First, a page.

The one where they tried to make a Bond film for the X Games generation... This isn't a comparison, but let's quickly look at how xXx is intrinsically linked to The Fast and the Furious, which essentially laid the groundwork. xXx appeared in cinemas a year after said film as Vin Diesel was riding high off it, thus seeing him reunited with director Rob Cohen seemed a no-brainer. Xander Cage is essentially Dom Torreto, if you swap the obsession with family for daredevil grandstanding. And here we are fifteen years later where The Fast and the Furious franchise has delivered its eighth(!) film whilst remaining hugely popular, and somehow a third xXx film appeared, resurrecting this dormant franchise by bringing Diesel back to the fold after he handed the reigns of the first sequel to Ice Cube back in 2005. Knowing all this it's interesting to revisit xXx having not seen it or even really thought about it since the cinema all those years ago.

Two things quickly become clear we know Diesel has always been an engaging screen presence, but the youthful exuberance he exudes here now feels a distant memory, as with age he more frequently embodies a reluctant world-weariness. That energy and not-give-a-fuck attitude carries us through this story. Secondly, production company Revolution certainly threw some money at the film, with a plethora of overblown action sequences and stunts that aim to impress and which mostly deliver. Now let's be honest, those are (mostly) the reason people showed up for this film, but it's still a shame the story is a let down. It starts with a lot of promise, setting Cage up to join the NSA and testing his abilities. But as soon as he arrives in Prague for his mission the story immediately turns Bond-lite in a generically bland way. Martin Csokas' Yorgi is all nonsensical anarchistic rhetoric, whilst Asia Argento's Yelena is seemingly just there to tease/reward Cage​ as she tries to play the character with a depth that maybe existed on page but never made it to the screen. On top of this the story is full of the sexist tropes aimed to get teenage boys excited but which make everyone else feel uncomfortable.

One month after the release of xXx the Bond film Die Another Day was released, representing the low nadir of that series. One of it's biggest issues was how far it pushed it's credibility Bond's stunts usually (just about) stay on the right side of being too ridiculous, but surfing an Arctic tidal wave or driving an invisible car across ice were too much. Such acts feel more suited to a Xander Cage type character and though xXx offers up much that is similar snowboarding, parachuting, etc – it lacks the chops to be a convincing Bond clone. This really highlights the squandered potential of the start of the film where it could've taken things in a different, better direction. Sure it's fun, but it's that hollow, forgettable type of fun that only just survives because of Diesel's presence.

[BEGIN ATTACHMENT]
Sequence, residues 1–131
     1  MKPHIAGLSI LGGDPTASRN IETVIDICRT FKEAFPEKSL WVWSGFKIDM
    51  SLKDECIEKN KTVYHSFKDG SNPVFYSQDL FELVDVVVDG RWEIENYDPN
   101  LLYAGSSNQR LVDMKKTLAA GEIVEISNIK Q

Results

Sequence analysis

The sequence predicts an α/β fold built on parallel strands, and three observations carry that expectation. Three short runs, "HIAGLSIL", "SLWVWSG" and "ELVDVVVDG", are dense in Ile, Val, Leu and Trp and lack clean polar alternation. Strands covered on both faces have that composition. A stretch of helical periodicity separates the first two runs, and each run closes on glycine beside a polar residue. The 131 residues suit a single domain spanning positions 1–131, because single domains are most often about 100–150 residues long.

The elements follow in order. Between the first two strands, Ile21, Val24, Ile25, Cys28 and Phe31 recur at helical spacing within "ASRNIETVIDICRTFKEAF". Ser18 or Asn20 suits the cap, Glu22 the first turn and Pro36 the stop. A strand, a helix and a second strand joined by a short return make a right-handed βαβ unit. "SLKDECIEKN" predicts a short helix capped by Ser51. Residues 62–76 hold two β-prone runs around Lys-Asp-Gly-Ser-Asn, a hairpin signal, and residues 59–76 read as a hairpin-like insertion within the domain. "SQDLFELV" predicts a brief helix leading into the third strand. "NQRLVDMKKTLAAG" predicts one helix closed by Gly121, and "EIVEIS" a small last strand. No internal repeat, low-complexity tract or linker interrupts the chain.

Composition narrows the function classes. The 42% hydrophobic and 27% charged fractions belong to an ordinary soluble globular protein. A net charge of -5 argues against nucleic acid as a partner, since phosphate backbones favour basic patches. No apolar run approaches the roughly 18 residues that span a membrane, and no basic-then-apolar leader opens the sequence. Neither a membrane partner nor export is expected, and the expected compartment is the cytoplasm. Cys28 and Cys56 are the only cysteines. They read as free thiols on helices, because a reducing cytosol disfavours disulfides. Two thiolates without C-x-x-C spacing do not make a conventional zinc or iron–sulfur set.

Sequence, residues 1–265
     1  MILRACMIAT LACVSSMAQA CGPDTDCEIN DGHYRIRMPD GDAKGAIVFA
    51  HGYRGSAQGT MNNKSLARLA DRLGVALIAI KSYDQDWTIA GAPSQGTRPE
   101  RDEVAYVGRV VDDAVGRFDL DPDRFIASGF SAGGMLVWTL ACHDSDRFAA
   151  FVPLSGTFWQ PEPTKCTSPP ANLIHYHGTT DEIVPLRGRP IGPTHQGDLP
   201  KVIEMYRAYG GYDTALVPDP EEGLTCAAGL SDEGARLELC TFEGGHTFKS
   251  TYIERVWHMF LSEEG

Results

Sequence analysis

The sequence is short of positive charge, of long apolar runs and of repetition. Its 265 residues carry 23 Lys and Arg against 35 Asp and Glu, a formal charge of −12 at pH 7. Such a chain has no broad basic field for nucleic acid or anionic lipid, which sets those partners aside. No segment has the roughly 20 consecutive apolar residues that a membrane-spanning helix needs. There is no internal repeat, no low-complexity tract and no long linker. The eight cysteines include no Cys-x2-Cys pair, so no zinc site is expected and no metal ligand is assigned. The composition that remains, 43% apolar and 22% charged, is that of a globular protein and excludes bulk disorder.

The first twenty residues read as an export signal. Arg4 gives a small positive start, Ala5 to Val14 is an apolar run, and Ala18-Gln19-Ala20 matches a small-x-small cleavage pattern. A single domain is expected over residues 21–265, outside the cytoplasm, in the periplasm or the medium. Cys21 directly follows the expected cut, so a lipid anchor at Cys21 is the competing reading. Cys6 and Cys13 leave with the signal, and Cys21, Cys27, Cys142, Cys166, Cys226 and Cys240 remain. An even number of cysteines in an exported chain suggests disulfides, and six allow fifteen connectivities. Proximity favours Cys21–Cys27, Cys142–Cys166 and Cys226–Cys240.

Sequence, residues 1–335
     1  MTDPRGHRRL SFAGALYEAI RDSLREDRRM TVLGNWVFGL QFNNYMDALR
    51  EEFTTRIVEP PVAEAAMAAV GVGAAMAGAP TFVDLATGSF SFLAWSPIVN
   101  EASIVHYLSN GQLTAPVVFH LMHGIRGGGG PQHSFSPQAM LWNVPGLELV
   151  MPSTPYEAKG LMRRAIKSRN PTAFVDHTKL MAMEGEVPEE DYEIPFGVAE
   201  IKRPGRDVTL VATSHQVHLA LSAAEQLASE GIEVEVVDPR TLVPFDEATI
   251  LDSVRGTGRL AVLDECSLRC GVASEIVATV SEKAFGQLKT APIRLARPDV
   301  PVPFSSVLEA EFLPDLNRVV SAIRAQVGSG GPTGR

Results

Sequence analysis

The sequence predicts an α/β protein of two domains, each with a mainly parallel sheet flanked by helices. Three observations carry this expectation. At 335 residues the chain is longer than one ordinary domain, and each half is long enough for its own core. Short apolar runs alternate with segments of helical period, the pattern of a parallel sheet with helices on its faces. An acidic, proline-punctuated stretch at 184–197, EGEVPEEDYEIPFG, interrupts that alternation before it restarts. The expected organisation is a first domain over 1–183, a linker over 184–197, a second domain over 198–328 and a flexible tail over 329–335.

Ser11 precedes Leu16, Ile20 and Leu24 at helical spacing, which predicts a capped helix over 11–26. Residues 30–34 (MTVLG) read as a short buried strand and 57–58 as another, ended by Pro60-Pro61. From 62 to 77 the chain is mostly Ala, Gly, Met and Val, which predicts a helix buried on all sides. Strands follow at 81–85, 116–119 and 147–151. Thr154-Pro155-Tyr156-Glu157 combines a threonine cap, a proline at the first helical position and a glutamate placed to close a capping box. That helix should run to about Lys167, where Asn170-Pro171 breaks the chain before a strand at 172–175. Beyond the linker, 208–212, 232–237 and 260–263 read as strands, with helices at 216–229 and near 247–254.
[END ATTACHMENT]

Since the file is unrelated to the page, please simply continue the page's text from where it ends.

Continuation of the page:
26 August 2017

Review: A History of Violence

(Dir: David Cronenberg, 2005)

*Warning - herein lie spoilers. If you've not seen the film then stop reading now as it will reduce enjoyment!*

On the surface, A History of Violence appears to be the turning point in David Cronenberg's career where he stepped away from the all out weirdness that pervades almost every film he'd made to that point. It's an almost benign seeming story, a fact the small-town Americana setting amplifies, but is the shock of violence that invades the lives of the Stall family (Viggo Mortensen, Maria Bello and Ashton Holmes) as simple as it seems? Despite being renowned as the king of body horror, Cronenberg has always been highly invested in the psychological aspect of his stories. You come for the freakishly weird visuals, but his films work away at burrowing under the skin because they have depth, revealing multiple layers through which to abhor the viewer.

A History of Violence's dicephalous approach is as simple as split personality. For the first half of the film this plays out as a mystery. Are we sure that Tom Stall really is this idealised small-town family man – practically the personification of the American dream – or does he have an insidious past as a savage killer for the mob? The guessing is fun, but this being a Cronenberg film you just know there's more to this than the mistaken identity that he pleads. When Joey is unleashed we see the disturbing effects of violence. His idyll is disturbed and he inevitably wants revenge, so we happily go along for the ride. But how do his family reconcile the knowledge that this side of him exists, even if it's for them that he's trying to put it to bed once and for all. It's not as simple as just forgetting his past, what if something else triggers Joey's emergence somewhere down the line? From what they've experienced of him they have every right to be fearful. None of this is overplayed in the film, thanks to some pretty taut direction and Mortensen's understated performance. He blends in as an everyman, and even when Joey is front and centre it's not so easy to separate out the two, which adds to the sense of unease. Ed Harris' heavily scarred Carl Fogarty enhances this feeling, as his myopic certainty forces you to question what you think you know and whether you want it to be so or not.

By focusing on the brain and pushing away from the expected horrors of body dysmorphia that pervades much of Cronenberg's work, leaves a story that cares more about the connections and the impact people can and do have on each other. The setting acts as a contrast to the sudden bursts of violence which the camera happily lingers over. This is a more understated film than what he has delivered before, but the darkness and weirdness are there, you just have to dig deeper, and it's where he really started to shift focus to the brain. It's just another example of why David Cronenberg is such a revered director.